By Kevin Wilson
Special to The Globe
NEOSHO, Mo. —
I hope you will bear with me and suffer through one more column on the Patient Protection and Affordable Care Act, otherwise known (either affectionately or disdainfully) as Obamacare.
I don’t think it’s a secret that I have been — and will continue to be — a vocal critic of this piece of legislation, so my take on the most recent developments may come as a surprise to many.
The PPACA is a law that we must abide by. It was legally passed by Congress (so we could know what was in it — thank you, Mrs. Speaker), and it was upheld by the highest court of the land. So regardless of what any of us may think about its merit, it is the law, and we should abide and obey it as our Constitution demands.
Oh, and by the way, that means all of it — not just the parts that we may agree with. Or at least that’s the way that it is supposed to work. You see, when a legislative body passes a law and the court upholds it, then it is the constitutional responsibility of the executive branch to enforce that law in its entirety.
President Obama holds out health care reform as the shining star of his presidency and is still on the campaign trail trying to convince the majority of the American public that it will be good for the country.
But like the old saying goes: “You can’t have your cake and eat it too.” Mr. President, you got what you wanted, so now you have to live with it — all of it.
That means that you can’t just change part of the law because it’s too oppressive, too overwhelming for government to administer or maybe too politically divisive right before the midterm elections. Nope. That’s not how things work in this country. If a law says you “shall” or you “must,” then that’s pretty clear.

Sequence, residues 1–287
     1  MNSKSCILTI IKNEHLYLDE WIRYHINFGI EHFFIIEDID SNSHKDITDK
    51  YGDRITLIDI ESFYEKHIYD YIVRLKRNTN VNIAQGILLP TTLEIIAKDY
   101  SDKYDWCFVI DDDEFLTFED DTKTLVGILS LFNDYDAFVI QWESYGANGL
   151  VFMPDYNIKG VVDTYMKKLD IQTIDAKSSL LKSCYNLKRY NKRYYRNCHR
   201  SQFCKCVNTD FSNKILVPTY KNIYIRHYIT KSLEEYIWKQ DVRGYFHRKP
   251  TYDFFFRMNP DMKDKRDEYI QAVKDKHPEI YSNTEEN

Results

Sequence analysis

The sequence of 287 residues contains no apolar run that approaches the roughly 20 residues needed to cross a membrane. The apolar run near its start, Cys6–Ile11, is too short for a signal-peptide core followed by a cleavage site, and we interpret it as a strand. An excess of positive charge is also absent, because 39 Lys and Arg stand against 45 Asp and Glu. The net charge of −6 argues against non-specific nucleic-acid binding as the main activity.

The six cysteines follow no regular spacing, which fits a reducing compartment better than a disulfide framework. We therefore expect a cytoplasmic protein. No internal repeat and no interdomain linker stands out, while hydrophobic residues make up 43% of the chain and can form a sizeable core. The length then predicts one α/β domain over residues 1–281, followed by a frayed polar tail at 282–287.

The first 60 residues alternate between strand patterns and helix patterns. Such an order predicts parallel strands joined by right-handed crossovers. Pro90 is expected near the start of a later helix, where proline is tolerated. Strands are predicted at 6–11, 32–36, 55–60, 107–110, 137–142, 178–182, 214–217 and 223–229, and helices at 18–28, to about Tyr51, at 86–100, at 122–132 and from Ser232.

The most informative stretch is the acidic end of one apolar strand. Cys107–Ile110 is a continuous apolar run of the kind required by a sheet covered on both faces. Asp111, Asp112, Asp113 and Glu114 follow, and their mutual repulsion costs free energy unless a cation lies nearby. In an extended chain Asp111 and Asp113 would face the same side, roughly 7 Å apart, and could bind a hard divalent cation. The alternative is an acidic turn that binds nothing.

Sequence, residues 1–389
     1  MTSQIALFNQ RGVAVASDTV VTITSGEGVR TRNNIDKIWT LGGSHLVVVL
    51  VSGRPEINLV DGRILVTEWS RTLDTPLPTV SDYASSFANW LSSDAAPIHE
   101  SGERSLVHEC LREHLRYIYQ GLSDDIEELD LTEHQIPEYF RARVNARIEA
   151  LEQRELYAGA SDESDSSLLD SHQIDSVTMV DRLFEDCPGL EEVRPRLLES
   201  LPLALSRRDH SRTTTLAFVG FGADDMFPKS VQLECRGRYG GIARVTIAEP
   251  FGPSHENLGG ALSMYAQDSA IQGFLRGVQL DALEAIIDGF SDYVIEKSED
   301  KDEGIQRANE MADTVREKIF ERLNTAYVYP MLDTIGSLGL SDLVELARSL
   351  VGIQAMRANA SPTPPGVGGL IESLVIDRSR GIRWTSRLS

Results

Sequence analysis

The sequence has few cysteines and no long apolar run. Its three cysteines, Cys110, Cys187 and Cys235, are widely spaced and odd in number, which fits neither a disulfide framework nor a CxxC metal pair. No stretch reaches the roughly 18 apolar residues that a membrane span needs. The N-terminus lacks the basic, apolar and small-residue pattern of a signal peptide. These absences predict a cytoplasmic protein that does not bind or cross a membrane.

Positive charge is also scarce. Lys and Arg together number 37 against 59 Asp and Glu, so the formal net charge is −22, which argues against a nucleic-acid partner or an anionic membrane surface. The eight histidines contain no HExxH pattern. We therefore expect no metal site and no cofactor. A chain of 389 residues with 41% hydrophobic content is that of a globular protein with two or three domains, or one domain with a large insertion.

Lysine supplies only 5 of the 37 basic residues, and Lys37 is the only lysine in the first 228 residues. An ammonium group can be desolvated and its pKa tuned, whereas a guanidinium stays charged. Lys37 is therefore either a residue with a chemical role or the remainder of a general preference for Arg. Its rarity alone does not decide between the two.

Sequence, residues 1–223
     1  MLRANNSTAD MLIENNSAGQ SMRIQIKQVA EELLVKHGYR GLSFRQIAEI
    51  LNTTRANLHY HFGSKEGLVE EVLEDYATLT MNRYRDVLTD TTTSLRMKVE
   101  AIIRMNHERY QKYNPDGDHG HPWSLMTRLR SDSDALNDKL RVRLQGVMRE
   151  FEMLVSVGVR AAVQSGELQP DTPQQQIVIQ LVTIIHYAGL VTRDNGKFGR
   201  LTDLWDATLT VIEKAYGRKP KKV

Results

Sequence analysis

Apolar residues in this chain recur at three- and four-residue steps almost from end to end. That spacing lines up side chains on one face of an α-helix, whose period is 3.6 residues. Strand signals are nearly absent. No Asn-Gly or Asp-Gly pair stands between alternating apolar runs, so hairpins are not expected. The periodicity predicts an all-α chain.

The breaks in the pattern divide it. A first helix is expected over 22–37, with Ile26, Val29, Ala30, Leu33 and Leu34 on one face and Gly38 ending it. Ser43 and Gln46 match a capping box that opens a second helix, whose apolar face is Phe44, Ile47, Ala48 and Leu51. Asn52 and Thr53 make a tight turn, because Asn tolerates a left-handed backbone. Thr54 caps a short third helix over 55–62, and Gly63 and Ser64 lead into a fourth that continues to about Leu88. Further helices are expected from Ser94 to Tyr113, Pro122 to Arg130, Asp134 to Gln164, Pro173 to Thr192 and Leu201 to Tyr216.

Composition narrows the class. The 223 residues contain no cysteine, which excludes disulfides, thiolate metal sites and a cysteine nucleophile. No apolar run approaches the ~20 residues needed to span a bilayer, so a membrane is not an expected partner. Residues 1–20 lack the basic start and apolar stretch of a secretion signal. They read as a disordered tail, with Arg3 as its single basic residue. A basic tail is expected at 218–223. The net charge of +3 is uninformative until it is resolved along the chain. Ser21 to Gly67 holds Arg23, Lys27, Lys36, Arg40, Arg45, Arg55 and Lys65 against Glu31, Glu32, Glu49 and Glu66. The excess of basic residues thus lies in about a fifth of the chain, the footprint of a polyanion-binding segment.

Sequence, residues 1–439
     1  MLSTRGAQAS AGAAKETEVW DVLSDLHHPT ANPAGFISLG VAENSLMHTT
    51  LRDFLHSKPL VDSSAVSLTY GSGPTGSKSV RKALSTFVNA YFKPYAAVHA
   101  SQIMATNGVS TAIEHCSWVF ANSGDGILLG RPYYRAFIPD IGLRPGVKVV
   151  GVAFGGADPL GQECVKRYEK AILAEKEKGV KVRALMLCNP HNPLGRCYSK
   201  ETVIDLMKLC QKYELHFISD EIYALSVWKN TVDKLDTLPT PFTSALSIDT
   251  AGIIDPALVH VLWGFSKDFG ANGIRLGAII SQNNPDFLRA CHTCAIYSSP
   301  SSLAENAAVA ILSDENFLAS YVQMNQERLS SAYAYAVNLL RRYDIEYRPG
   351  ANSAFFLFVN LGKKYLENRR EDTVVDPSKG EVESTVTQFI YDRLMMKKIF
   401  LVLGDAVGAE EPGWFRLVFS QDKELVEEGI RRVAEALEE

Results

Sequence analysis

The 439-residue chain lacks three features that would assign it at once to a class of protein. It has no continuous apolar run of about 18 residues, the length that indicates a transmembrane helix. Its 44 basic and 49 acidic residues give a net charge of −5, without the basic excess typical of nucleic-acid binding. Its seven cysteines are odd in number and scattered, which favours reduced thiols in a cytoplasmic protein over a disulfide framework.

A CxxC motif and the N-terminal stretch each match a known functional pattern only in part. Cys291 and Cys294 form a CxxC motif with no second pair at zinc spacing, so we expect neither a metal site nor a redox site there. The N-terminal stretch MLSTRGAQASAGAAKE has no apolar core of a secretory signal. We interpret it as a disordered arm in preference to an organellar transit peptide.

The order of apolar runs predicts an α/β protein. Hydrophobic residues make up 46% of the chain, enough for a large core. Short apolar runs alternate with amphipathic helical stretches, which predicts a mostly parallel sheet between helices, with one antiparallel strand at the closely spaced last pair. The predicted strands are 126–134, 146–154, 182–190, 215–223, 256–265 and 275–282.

Now, if you think the law needs to be changed, that means you have to go through the process and going back through Congress. But that would take too long and might get a little messy, so, in the case of certain aspects of the health care law, the executive branch just decided to change the law on its own without going through that pesky little detail of following the Constitution.
I know people opposed to my view are going to cite executive privilege as an excuse for the president’s actions, but I don’t buy that argument. This is not a wartime situation and it’s not a national emergency, so I’m not sure where the president is getting his constitutional justification for delaying the employer mandate that is called for by this law.
I don’t disagree that the delay will help businesses and is probably the prudent course of action, but that’s not the point. The point is that no one has the authority to ignore a law duly passed and approved by Congress and the U.S. Supreme Court — not even the president of the United States.
Back when I was a younger man (much younger), I was a proud member of the Jaycees. I learned a lot from that organization and credit my involvement with it as a major force in my personal and professional development. The Jaycees have a creed that governs its members. I won’t quote all of it, but there is one line that says that “government should be of laws rather than of men.”
That means that no one is above the law and that we are all bound by our Constitution to uphold the laws of the land. I know that I had to swear an oath to that effect when I took the office of state representative, and I know all of our congressmen and the president did likewise. If we don’t follow this creed, then our great republic will go the way of other once great nations that followed men rather than laws.
Mr. President, you once said that elections had consequences and that you had won. You were right in that analysis. And now that you have won, you have a responsibility to live with those consequences — all of them. Please don’t ignore the law, no matter how much you may dislike it, but rather enforce all of it. Anything else would be unconscionable and unconstitutional.
Kevin Wilson lives in Neosho.